Sunday, March 3, 2013

EU stops merger of Tencel and Lenzing Lyocell - Part 7 (2001)

"The new entity [Tencel and Lenzing] when merged will have a monopoly in the downstream market for lyocell staple fibre and will thus have no interest in seeing this monopoly challenged by a potential market entrant on the basis of a licence for their own technology."

247. Acordis and Lenzing are the only two players currently active in the market for packages of 'ready-to-operate' lyocell production and processing technology. Each of them produces lyocell based on own technology. With a view to settling an intellectual property dispute between them, both entered into a cross licence agreement on 22 December 1997 whereby each party granted the other a nonexclusive, royalty-free worldwide licence to manufacture, use and sell lyocell and lyocell products for the lifetime of the respective patents. As a consequence, each of the parties has had full access to the other party's lyocell production technology since December 1997.

248. Together, the parties hold the vast majority of all existing patents for lyocell production and treatment.

249. On the basis of their respective patent rights, Acordis and Lenzing are in a position to block or significantly delay the entry of third parties to the lyocell production market. Third parties who might consider marketing lyocell production and processing technology or selling lyocell production lines to potential producers of lyocell are consistently confronted with a danger of violating these patents and of subsequent litigation with the parties. For the same reasons, third parties who could be seen as potential producers of lyocell are reluctant to purchase lyocell production and processing technology or production lines developed by suppliers other than Acordis or Lenzing.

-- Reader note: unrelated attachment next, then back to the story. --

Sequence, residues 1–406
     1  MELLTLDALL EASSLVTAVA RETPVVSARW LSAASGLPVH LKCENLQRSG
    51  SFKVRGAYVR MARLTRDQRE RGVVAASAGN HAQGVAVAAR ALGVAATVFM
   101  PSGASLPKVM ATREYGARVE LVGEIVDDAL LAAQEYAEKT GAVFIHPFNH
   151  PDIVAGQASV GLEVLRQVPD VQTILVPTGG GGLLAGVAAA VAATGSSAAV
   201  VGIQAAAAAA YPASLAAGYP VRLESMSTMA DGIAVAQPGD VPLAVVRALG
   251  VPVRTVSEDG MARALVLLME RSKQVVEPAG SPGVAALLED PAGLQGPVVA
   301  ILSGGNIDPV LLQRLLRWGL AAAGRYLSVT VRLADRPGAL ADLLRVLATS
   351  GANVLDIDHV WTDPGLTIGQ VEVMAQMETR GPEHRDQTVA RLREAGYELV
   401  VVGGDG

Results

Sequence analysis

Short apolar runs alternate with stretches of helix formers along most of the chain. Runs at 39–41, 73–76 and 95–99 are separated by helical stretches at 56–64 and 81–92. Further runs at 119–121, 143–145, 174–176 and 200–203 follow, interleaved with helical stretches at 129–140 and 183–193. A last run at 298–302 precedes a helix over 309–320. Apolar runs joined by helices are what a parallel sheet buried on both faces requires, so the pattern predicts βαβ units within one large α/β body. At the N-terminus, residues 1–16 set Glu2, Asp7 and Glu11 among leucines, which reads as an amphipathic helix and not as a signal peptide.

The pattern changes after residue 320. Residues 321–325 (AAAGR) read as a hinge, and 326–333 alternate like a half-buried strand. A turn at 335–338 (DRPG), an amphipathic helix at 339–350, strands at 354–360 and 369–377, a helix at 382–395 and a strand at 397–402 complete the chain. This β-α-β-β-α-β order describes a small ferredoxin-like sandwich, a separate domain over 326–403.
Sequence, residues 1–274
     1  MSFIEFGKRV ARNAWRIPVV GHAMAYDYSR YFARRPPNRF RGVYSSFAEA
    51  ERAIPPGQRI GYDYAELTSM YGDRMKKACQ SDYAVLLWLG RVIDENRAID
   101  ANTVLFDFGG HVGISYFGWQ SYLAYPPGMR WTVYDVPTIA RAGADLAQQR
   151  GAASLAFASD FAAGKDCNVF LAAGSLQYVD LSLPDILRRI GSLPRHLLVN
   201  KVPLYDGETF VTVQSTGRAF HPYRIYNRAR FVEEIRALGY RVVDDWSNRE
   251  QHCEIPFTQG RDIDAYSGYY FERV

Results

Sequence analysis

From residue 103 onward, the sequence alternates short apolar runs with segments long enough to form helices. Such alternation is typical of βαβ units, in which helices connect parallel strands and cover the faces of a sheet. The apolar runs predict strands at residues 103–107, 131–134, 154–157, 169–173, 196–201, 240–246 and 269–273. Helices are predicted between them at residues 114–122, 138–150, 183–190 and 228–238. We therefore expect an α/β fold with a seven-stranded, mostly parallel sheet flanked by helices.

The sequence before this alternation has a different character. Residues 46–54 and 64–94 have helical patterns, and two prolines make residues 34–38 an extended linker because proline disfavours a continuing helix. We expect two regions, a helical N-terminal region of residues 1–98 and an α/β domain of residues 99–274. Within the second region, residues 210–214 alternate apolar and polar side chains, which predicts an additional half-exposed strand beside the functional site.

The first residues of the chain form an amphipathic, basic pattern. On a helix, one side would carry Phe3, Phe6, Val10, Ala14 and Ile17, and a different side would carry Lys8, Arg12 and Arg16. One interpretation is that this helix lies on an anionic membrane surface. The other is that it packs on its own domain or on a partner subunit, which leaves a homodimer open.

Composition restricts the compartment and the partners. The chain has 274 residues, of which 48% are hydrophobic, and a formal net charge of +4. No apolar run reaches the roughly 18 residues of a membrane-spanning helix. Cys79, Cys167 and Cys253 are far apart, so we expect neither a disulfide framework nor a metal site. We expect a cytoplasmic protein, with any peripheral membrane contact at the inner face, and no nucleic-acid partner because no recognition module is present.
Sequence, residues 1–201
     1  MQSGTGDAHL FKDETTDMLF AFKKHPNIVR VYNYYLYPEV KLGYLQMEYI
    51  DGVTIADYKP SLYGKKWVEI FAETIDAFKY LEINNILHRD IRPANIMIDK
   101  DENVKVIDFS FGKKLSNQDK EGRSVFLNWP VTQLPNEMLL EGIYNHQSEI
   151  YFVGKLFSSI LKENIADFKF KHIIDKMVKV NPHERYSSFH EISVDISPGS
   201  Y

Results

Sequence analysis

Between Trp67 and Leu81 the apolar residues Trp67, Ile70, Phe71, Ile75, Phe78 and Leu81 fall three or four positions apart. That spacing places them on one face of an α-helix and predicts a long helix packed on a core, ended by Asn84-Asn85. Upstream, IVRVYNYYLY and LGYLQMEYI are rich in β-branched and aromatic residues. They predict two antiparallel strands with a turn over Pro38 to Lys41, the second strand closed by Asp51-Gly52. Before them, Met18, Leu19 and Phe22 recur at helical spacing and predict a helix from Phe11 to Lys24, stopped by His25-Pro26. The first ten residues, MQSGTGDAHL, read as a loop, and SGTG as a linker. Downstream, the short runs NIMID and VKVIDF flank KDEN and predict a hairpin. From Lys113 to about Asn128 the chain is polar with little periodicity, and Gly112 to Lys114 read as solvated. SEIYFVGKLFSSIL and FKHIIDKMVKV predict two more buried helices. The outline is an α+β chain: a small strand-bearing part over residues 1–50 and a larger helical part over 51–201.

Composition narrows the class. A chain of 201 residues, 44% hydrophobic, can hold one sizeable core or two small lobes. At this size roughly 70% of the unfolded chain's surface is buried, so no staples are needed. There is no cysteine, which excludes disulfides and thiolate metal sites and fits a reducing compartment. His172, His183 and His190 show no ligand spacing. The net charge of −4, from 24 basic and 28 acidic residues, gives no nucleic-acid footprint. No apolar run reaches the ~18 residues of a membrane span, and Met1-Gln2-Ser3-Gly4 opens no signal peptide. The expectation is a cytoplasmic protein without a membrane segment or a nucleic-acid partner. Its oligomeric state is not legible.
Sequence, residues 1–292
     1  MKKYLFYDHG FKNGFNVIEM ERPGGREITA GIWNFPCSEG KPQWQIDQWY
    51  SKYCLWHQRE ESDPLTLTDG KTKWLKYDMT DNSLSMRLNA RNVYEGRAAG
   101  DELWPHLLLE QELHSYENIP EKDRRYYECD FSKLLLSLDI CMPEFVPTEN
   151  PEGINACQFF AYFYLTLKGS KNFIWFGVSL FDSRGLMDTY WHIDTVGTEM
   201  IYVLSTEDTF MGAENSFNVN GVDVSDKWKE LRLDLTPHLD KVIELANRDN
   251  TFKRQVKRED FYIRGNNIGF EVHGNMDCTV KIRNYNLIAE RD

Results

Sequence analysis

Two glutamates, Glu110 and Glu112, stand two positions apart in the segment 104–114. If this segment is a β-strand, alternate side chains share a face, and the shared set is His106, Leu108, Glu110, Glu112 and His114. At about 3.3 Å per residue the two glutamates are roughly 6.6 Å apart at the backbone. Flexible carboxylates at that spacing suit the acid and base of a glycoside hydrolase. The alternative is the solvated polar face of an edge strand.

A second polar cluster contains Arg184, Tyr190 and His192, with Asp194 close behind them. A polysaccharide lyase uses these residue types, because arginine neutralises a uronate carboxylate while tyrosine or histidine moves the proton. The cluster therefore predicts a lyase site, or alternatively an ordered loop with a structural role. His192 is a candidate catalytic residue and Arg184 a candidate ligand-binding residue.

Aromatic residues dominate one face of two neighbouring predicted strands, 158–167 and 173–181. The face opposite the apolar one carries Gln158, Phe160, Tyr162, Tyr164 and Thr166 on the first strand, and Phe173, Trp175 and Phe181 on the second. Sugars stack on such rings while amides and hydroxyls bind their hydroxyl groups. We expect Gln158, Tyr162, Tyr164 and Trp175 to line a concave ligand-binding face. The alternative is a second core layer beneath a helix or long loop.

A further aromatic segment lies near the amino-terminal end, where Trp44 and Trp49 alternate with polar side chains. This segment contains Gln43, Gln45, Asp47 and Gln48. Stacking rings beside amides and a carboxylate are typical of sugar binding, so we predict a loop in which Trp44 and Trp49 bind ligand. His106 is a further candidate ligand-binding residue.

250. The notified operation will render it more difficult for third parties to obtain 
packages of licences for Acordis' and Lenzing's lyocell production and processing technologies. First, the number of potential licensors will be reduced from two to one; whilst there are currently two potential licensors (redacted) there will be only one potential licensor left after the merger. Secondly, the incentive to grant packages of 'ready-to-operate' licences to third parties will be significantly reduced after the merger; as set out above the new entity will hold a monopoly in the downstream market for lyocell staple fibres and will thus have no interest in seeing this monopoly challenged by a potential market entrant on the basis of a licence for their own technology. In view of these effects competition in the development of individual production and processing patents in this market will also be stifled as the number of potential buyers will be reduced.

(more to come)

Case No COMP/M.2187 CVC/Lenzing

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